Hackney Herbal specialise in creative workshops and events which connect and inspire people around the extensive uses of herbs. We interviewed their founder, Nat Mady, who shared her inspiration behind using herbs for the greater good; for health and improved wellbeing within the local community.
WELLBEING THROUGH HERBS
HERB USES AND GROWING TIPS FROM NAT MADY OF HACKNEY HERBAL
Can you tell us about Hackney Herbal?
We grow herbs in a patchwork of sites around Hackney creating unique herbal tea blends. The profits from our work fund our nature-based community activities supporting people to improve their mental health and wellbeing in Hackney. This includes wellbeing gardening courses, social gatherings and volunteering opportunities where local people can come together, learn and be inspired.
What made you decide to start a business based on the power of herbs?
When I first moved to Hackney I joined a community garden and it was here that my interest in herbs developed. After spending time in the garden I began to understand the positive benefits of bringing people and nature together in a creative and social way, to learn about plants. At the same time I recognised that there was a wealth of plant-related knowledge across Hackney and that people were keen to talk about their native plants. This excited me and presented an opportunity to celebrate the diversity of the area through the plants that people used culturally. I decided early on that I wanted the project to develop into a social enterprise whereby we could generate some income to fund our work and run community activities that were free for people to attend without the reliance on grant funding. I noticed that around Hackney, herbs were growing everywhere - in public, private and community spaces. I saw that there was so much value in these plants and had the idea to harvest some of them to turn them into herbal tea blends that we could sell to fundraise for the project. And so Hackney Herbal was born!
Do you have any tips for people growing their own herbs, or how people can get involved in community gardens?
Herbs are great to grow in urban places because they do very well in pots, so you don’t need to have a garden to have a go. Our top tip for growing herbs in pots is to use a soil mix of half topsoil, half compost and remember to repot your plants every few years to keep them healthy. Place them where they will get the most sunlight and remember to keep them well watered in the Summer. Harvesting herbs promotes new growth so don’t forget to pick them. To find a community garden in your local area a good place to start is Capital Growth - they have a map on their website so you can easily find your nearest project.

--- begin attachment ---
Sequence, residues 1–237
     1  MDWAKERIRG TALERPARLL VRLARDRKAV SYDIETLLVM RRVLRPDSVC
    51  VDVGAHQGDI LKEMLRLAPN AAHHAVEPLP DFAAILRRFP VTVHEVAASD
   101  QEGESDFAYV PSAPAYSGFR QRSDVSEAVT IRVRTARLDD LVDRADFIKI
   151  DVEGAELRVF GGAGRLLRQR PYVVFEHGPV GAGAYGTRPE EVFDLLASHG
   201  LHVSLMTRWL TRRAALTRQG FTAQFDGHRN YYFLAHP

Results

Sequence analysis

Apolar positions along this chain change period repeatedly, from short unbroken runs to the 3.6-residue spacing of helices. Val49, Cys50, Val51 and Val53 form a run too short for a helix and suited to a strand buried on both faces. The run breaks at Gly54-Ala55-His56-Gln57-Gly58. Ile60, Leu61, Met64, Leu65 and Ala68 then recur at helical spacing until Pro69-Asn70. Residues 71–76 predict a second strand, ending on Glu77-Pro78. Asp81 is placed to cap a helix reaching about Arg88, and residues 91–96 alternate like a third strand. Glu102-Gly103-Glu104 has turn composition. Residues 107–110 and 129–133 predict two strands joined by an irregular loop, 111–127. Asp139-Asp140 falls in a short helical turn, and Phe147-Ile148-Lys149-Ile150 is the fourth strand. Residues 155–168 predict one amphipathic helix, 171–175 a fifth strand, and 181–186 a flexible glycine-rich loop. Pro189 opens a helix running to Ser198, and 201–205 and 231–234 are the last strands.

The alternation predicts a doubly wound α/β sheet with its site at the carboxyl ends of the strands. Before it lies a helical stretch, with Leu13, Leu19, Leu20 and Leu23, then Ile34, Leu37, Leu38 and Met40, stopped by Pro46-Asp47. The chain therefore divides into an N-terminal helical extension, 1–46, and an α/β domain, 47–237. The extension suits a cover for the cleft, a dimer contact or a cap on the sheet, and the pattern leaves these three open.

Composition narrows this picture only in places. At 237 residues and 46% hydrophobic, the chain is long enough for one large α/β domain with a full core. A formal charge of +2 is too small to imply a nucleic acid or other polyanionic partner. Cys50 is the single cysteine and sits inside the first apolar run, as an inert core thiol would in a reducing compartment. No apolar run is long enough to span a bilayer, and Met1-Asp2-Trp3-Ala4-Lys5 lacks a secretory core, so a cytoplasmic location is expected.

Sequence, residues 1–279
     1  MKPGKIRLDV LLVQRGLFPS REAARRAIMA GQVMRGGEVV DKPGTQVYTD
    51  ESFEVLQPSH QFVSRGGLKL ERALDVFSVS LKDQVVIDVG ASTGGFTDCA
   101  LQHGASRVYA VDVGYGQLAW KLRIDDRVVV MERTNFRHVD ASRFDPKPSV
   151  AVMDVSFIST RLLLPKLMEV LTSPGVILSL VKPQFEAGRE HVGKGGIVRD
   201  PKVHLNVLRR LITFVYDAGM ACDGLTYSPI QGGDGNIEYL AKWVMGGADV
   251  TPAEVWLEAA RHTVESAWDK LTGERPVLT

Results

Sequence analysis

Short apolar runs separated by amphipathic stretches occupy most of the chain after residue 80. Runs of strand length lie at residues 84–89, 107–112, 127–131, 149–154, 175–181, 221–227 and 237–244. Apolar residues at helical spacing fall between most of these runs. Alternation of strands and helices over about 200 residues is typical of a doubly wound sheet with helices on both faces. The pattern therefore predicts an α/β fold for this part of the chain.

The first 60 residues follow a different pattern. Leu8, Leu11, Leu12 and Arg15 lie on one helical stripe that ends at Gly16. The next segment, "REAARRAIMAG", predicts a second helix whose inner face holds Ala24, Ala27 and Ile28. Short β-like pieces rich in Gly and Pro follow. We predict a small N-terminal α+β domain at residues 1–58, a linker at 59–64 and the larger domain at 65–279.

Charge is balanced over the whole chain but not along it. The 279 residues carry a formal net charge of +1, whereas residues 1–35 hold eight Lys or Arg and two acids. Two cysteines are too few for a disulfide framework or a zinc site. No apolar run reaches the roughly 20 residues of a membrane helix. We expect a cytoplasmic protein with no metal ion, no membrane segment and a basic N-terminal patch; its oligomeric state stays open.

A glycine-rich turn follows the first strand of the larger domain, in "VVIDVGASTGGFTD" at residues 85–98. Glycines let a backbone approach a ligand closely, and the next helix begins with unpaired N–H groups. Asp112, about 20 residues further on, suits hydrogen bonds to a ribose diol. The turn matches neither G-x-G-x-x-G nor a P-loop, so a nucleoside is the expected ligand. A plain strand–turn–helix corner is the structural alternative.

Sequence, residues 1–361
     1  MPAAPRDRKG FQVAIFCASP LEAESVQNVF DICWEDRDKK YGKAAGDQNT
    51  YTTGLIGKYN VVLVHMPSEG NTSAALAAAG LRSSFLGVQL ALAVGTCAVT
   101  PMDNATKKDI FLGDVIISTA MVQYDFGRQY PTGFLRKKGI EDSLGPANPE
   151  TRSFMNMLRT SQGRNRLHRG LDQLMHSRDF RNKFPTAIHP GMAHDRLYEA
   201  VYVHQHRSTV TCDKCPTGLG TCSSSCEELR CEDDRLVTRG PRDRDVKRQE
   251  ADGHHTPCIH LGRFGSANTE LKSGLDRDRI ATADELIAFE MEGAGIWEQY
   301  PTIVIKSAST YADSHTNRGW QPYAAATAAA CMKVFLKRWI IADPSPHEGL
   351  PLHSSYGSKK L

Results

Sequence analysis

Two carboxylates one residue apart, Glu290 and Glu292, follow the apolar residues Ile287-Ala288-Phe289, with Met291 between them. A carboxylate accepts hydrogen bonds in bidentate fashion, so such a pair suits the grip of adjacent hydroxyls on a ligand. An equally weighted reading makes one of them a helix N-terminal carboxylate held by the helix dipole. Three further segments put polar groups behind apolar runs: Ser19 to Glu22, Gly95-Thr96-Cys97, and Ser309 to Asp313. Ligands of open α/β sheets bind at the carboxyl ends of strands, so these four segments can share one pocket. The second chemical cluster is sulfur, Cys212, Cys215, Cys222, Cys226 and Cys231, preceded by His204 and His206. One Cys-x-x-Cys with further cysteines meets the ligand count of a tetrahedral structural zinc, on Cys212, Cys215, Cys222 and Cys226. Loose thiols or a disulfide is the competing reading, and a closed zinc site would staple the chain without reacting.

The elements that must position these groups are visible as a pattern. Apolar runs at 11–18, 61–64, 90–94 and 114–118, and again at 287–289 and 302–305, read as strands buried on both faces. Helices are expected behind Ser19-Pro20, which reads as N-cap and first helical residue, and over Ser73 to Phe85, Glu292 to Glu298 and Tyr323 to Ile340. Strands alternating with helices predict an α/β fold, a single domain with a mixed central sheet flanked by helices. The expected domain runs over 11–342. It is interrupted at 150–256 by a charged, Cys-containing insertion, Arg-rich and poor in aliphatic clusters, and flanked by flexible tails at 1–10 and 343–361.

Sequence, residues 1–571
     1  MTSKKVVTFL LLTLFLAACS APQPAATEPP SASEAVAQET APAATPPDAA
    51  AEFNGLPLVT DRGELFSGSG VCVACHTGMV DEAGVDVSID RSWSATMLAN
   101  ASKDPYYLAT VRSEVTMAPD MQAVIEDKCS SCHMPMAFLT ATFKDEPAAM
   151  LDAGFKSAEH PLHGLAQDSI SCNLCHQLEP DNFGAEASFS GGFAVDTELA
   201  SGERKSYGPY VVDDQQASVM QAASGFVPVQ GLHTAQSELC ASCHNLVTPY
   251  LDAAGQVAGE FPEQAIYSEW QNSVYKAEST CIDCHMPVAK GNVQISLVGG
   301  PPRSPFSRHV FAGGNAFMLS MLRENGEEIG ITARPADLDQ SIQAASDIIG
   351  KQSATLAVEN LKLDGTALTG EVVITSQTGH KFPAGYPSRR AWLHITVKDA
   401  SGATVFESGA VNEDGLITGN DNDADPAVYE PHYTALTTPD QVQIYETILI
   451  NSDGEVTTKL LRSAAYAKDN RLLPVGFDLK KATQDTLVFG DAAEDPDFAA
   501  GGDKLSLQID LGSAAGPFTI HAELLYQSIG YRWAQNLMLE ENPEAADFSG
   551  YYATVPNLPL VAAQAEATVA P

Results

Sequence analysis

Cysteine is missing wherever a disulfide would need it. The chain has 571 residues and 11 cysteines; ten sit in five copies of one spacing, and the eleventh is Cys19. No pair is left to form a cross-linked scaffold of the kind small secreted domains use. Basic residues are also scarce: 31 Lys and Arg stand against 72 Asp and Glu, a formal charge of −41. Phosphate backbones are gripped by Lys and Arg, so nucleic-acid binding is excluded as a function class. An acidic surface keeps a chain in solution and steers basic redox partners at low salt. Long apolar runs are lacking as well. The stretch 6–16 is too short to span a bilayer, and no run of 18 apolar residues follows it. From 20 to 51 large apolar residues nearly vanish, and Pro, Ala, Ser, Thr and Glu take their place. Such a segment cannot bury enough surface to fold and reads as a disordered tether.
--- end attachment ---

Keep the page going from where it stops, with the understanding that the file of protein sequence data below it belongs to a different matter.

You use Falcon enamelware at Hackney Herbal. What’s your favourite product and what do you use it for?
We love Falcon teapots and a day rarely goes by at HH when we don’t use one to brew up a herbal blend. We also take them out with us when we do events as they are so sturdy and robust. They form an essential part of our event kit when we run Communi-tea Parties which bring people together from our local community to celebrate herbs. You will often see me cycling around Hackney with one of them attached to the strap on my rucksack! The teapots also double up as a lovely vase when we are displaying fresh herbs.
Can you describe or give tips on the best places to eat, drink, source ingredients in your local area?
We are really spoilt for choice in Hackney with a very diverse foodie scene but here are some of my favourites:
Food for All is one of the first places I bought dried herbs from. It’s a tiny independent health food shop but has a huge selection of loose herbs so you can take your own containers to fill up.
Re-fill shop Bulk Market is a good place to package-free ingredients. They have their own DIY beauty section with everything you need to make your own cosmetics including oils, waxes and essential oils.
Over in Hackney Wick where our garden is located is Grow - a canal-side bar, kitchen and creative space. They have a great programme of music and events and you can find a nice selection of our herbal tea blends in their cafe.
If you like your drinks seasonal and locally foraged, Scout is the place to be. Their experimental menu changes in line with seasonal shifts and they have a big focus on sourcing ingredients from local growers and foragers.
There are so many good Vietnamese choices in Hackney but Tre Viet on Mare Street is my favourite. It was one of the first places a friend took me when I moved to Hackney. You can’t beat it.
Do you have any unusual herbal combinations you can recommend?
As you can imagine experimenting with herbs is a big part of our work over at Hackney Herbal. Creating bespoke blends for clients means I get to spend time being creative by mixing up new combinations. One of my most recent creations is a blend to support the immune system made from a mix of Echinacea, Holy Basil (Tulsi), Thyme and Liquorice. I’m still tweaking with the quantities to balance the flavours but I’m going to be drinking this blend to help rebalance the body after a busy summer season and as a remedy to ward off seasonal colds.
Photography: Emily Munster, @emilymunster
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